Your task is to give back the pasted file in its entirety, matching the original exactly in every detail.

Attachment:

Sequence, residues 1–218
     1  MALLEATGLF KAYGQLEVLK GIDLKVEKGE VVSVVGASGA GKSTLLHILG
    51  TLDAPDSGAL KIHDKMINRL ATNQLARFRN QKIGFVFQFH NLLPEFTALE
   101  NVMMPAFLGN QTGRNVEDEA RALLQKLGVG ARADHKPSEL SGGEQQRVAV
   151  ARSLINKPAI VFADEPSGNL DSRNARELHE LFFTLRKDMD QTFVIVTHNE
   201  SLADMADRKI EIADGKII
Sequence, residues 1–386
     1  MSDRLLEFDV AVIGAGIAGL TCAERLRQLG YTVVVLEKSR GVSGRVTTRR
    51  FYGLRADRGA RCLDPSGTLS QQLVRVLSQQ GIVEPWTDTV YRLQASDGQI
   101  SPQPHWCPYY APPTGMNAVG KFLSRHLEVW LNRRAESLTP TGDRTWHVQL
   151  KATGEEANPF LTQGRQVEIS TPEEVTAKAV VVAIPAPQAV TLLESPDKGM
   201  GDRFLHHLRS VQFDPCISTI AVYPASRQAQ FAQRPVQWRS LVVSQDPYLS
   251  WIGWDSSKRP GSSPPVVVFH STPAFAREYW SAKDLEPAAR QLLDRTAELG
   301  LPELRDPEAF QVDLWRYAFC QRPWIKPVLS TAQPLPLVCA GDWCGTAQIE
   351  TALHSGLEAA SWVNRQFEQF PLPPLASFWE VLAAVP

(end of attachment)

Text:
Sequence, residues 1–218
     1  MALLEATGLF KAYGQLEVLK GIDLKVEKGE VVSVVGASGA GKSTLLHILG
    51  TLDAPDSGAL KIHDKMINRL ATNQLARFRN QKIGFVFQFH NLLPEFTALE
   101  NVMMPAFLGN QTGRNVEDEA RALLQKLGVG ARADHKPSEL SGGEQQRVAV
   151  ARSLINKPAI VFADEPSGNL DSRNARELHE LFFTLRKDMD QTFVIVTHNE
   201  SLADMADRKI EIADGKII
Sequence, residues 1–386
     1  MSDRLLEFDV AVIGAGIAGL TCAERLRQLG YTVVVLEKSR GVSGRVTTRR
    51  FYGLRADRGA RCLDPSGTLS QQLVRVLSQQ GIVEPWTDTV YRLQASDGQI
   101  SPQPHWCPYY APPTGMNAVG KFLSRHLEVW LNRRAESLTP TGDRTWHVQL
   151  KATGEEANPF LTQGRQVEIS TPEEVTAKAV VVAIPAPQAV TLLESPDKGM
   201  GDRFLHHLRS VQFDPCISTI AVYPASRQAQ FAQRPVQWRS LVVSQDPYLS
   251  WIGWDSSKRP GSSPPVVVFH STPAFAREYW SAKDLEPAAR QLLDRTAELG
   301  LPELRDPEAF QVDLWRYAFC QRPWIKPVLS TAQPLPLVCA GDWCGTAQIE
   351  TALHSGLEAA SWVNRQFEQF PLPPLASFWE VLAAVP